To some of us, heartburn can feel unavoidable, but the things you eat and drink can play a significant role in the severity of your symptoms
Gastro-oesophageal reflux disease, otherwise known as GORD or – more commonly – acid reflux and heartburn, is a common condition in the UK. In fact, it’s estimated by charity Guts that 25% of all UK adults are living with regular heartburn.
And, perhaps unsurprisingly, there is a significant connection between the severity of your acid reflux and the food and drink you consume. Some of your favourite foods and beverages could be contributing to your symptoms. Here are some of the most common culprits.
Spicy foods are considered to be among the most common heartburn triggers, due to the fact that many of them contain a compound called capsaicin, which is thought to slow the rate of digestion. Because of this, food sits in the stomach for longer, which increases the risk of heartburn.
Studies have revealed the risks of consuming spicy foods for heartburn sufferers. One Australian study found that consuming foods rich in chilli powder decreased the rate of digestion.
Like spicy foods, fatty foods have been shown to increase the likelihood of acid reflux symptoms occurring, but in a very different way.
Fatty foods can relax the lower oesophageal sphincter, allowing stomach acid to escape from the stomach into the oesophagus and cause acid reflux.
What’s more, foods that are high in fat can also encourage the release of the hormone cholecystokinin (CCK). This has also been shown to relax the lower oesophageal sphincter and cause acid reflux.
Although it is not entirely clear how it occurs, multiple studies have shown that citrus juices like orange juice and grapefruit juice can act as a trigger for heartburn symptoms.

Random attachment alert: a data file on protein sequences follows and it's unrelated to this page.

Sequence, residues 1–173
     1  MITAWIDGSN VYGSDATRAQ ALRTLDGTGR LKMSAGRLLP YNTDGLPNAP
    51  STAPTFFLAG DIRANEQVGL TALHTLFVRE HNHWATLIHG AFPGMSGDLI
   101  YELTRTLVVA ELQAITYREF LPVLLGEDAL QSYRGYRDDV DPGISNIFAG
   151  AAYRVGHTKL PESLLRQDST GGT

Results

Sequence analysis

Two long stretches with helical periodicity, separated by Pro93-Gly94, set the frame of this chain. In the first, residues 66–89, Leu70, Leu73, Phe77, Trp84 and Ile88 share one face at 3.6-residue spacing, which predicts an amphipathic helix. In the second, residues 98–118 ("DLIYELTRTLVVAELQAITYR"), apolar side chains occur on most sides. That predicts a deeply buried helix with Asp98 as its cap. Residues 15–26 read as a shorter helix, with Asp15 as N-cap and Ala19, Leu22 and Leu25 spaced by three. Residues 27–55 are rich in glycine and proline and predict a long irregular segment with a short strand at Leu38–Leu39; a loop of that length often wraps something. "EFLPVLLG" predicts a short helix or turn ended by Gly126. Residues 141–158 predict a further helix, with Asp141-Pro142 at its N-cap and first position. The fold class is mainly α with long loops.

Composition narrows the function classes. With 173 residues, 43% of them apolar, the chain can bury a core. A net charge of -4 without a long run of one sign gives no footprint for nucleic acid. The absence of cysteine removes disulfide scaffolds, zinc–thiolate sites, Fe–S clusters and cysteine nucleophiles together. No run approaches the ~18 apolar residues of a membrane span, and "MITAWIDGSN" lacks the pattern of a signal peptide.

For example, one Korean study found that 67% of 382 of heartburn sufferers experienced worse symptoms after drinking orange juice. In another study, 73% of people suffered acid reflux after drinking citrus juice.
It’s December, which means many of us will be enjoying more than our average intake of alcohol over the coming weeks. However, for acid reflux sufferers, this can spell increased symptoms.
Like fatty foods, alcohol has been shown to relax the lower oesophageal symptoms, which can trigger heartburn.  But as well as this, studies have shown that drinking significant quantities of wine and beer can actually increase the amount of stomach acid in your body, making heartburn more likely to occur.
Research into the relationship between coffee and acid reflux is largely ongoing, with some studies concluding that there is no link between the two factors, while others suggest that coffee can be a trigger.
For example, one 1980 study found that, like alcohol and fatty foods, coffee can potentially relax the lower oesophageal sphincter and make acid reflux more likely to occur.
When it comes to drinking coffee, it really depends on your own personal experience. If you find that you can enjoy coffee without experiencing heartburn, there’s no reason to avoid it completely.
Changing your dietary habits can help to tackle your acid reflux symptoms. You can also invest in safe and effective acid reflux medication, available here at Express Pharmacy. Contact one of our pharmacists today by calling 0208 123 07 03 or using our discreet live chat service.
 Guts UK. Heartburn and Acid Reflux. 2019
 Horowitz, M. et al. The effect of chilli on gastrointestinal transit. Journal of gastroenterology and hepatology. 1992
 Holloway, RH. et al. Effect of intraduodenal fat on lower oesophageal sphincter function and gastro-oesophageal reflux. Gut. 1997
 Ledeboer, M. et al. Effect of cholecystokinin on lower oesophageal sphincter pressure and transient lower oesophageal sphincter relaxations in humans. Gut. 1995
 Kim, YK. et al. The relationship between the popular beverages in Korea and reported postprandial heartburn. Korean Journal of Gastroenterology. 2010
 Feldman, M. et al. Relationships between the acidity and osmolality of popular beverages and reported postprandial heartburn. Gastroenterology. 1995
 Chen, SH. et al. Is alcohol consumption associated with gastroesophageal reflux disease? Journal of Zhejiang University, Science. 2010
 Chari, S. et al. Alcohol and gastric acid secretion in humans. Gut. 1993
 Thomas, FB. et al. Inhibitory effect of coffee on lower oesophageal sphincter pressure. Gastroenterology. 1980